South African horseback
adventurer, Barry Armitage, has jointly won the world's
longest endurance horse race, the Mongol Derby, with
Australian Olympian Ed Fernon.
gruelling race, which the Guinness Book of Records
calls the world's longest and toughest horse race,
51-year-old Armitage said: "Winning this inspiring race
brings no financial reward, simply the kudos of winning
what the New York Times rated in the top 10
toughest endurance races on the planet."
Armitage shared winning of the ninth derby with Fernon
in the record time of nine days, covering 1 020 km of
rugged remote Mongolian steppes, with the first of 42
riders from around the world crossing the line on 18
"My best moment of the race was when passing Ed (Fernon)
on the last stage to be out front alone by a few hundred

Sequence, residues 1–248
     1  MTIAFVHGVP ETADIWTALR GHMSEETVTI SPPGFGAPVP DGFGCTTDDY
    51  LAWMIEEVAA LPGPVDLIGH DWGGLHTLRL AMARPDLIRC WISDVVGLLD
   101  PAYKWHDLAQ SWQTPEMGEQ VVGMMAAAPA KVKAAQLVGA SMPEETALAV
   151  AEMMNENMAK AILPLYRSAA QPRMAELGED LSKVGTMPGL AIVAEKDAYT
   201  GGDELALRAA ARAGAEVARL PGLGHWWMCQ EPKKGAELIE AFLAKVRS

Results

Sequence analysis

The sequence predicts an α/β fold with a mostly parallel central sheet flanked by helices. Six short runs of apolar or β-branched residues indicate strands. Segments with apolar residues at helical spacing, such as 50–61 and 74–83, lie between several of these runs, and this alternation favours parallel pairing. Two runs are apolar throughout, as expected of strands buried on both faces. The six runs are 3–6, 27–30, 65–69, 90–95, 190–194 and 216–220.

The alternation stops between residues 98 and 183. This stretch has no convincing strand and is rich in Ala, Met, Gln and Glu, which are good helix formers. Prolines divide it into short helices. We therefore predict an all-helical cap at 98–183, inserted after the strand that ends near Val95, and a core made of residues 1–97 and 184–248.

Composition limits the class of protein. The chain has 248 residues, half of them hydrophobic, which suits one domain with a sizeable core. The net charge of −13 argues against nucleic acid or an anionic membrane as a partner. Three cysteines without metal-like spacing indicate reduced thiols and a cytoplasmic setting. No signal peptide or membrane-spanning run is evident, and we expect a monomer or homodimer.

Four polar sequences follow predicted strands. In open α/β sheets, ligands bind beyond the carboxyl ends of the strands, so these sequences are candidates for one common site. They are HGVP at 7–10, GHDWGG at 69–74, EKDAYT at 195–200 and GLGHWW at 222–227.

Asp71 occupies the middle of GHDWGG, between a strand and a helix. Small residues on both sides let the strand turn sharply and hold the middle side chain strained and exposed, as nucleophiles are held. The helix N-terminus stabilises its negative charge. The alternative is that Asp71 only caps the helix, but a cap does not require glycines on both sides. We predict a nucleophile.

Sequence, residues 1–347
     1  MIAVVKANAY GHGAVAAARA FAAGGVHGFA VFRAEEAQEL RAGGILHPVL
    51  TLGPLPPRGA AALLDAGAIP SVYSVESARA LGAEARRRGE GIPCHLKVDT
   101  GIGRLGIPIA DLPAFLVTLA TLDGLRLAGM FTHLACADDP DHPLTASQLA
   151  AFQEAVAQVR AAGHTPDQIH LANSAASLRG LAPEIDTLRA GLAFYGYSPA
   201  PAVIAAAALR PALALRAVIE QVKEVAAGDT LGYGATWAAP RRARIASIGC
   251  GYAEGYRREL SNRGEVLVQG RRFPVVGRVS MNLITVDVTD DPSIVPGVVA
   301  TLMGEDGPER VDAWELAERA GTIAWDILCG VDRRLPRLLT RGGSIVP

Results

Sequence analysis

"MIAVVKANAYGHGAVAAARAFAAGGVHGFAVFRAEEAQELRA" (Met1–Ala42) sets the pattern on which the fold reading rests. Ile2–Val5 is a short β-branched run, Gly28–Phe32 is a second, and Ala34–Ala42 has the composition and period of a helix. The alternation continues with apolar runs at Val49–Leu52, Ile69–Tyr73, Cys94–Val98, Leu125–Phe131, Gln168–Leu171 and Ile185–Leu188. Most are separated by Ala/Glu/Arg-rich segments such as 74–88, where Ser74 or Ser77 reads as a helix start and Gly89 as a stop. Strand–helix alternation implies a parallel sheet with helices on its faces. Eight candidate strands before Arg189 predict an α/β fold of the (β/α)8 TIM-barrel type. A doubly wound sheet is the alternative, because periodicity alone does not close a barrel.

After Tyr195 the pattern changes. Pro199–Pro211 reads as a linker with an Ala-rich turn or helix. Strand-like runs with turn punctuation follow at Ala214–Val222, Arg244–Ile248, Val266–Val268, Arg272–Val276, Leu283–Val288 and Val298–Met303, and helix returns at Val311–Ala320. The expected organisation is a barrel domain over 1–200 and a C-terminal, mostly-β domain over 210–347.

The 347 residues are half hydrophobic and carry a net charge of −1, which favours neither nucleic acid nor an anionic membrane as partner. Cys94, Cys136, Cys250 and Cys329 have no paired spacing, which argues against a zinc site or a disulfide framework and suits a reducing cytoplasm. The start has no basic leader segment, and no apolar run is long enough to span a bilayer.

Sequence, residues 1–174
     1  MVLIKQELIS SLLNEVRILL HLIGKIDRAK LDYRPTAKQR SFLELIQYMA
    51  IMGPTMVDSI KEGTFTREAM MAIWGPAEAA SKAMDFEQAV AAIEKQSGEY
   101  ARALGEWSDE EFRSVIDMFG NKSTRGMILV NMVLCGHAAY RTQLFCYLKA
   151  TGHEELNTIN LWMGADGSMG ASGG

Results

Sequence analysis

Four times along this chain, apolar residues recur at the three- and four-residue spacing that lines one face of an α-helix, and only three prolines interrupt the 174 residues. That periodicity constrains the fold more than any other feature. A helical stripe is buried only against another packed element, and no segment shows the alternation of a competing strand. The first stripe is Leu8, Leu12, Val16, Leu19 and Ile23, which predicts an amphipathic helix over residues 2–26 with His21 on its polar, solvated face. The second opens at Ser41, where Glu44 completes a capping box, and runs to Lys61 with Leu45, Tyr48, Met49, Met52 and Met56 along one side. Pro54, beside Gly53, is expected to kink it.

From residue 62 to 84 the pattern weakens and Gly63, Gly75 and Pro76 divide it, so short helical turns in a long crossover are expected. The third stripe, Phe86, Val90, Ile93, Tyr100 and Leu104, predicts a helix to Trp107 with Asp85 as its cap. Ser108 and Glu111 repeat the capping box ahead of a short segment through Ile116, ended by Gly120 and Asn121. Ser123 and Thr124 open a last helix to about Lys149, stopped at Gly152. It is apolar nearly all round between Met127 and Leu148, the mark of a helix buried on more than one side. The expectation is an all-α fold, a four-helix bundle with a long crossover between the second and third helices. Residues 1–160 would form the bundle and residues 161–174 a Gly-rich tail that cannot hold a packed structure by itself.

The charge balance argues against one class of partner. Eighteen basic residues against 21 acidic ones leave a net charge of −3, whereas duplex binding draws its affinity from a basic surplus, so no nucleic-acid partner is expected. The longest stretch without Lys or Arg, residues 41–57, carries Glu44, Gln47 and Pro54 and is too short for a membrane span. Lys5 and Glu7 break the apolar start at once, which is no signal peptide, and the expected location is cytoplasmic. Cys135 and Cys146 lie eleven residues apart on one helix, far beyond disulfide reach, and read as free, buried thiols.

metres." said Armitage.
He said the sweltering heat made the going tough and
that he and Fermon decided to save their horses and ride
across the finish line together.
Armitage said the race was not for the faint-hearted, as
it tested the limits of each competitor's survival
skills, horsemanship and sheer endurance ability.
"Over 13 hours in the saddle every day for a week is a
great physical challenge.
"You spend much of the race alone with your horses on
the endless steppe chasing an unseen rider ahead, and
you simply need to will yourself to keep going," he
Armitage is a three-time veteran of the event, having
competed in the 2011 edition when he and riding partner
Joe Dawson shot a television series, The Ride - Race
Across the Steppe, about their exploits, initially
screened on SABC 3 in 2012.
Over the years, South African riders have dominated the
race, with four previous winners hailing from South
Africa ¡V more than from any other country. ¡V Source: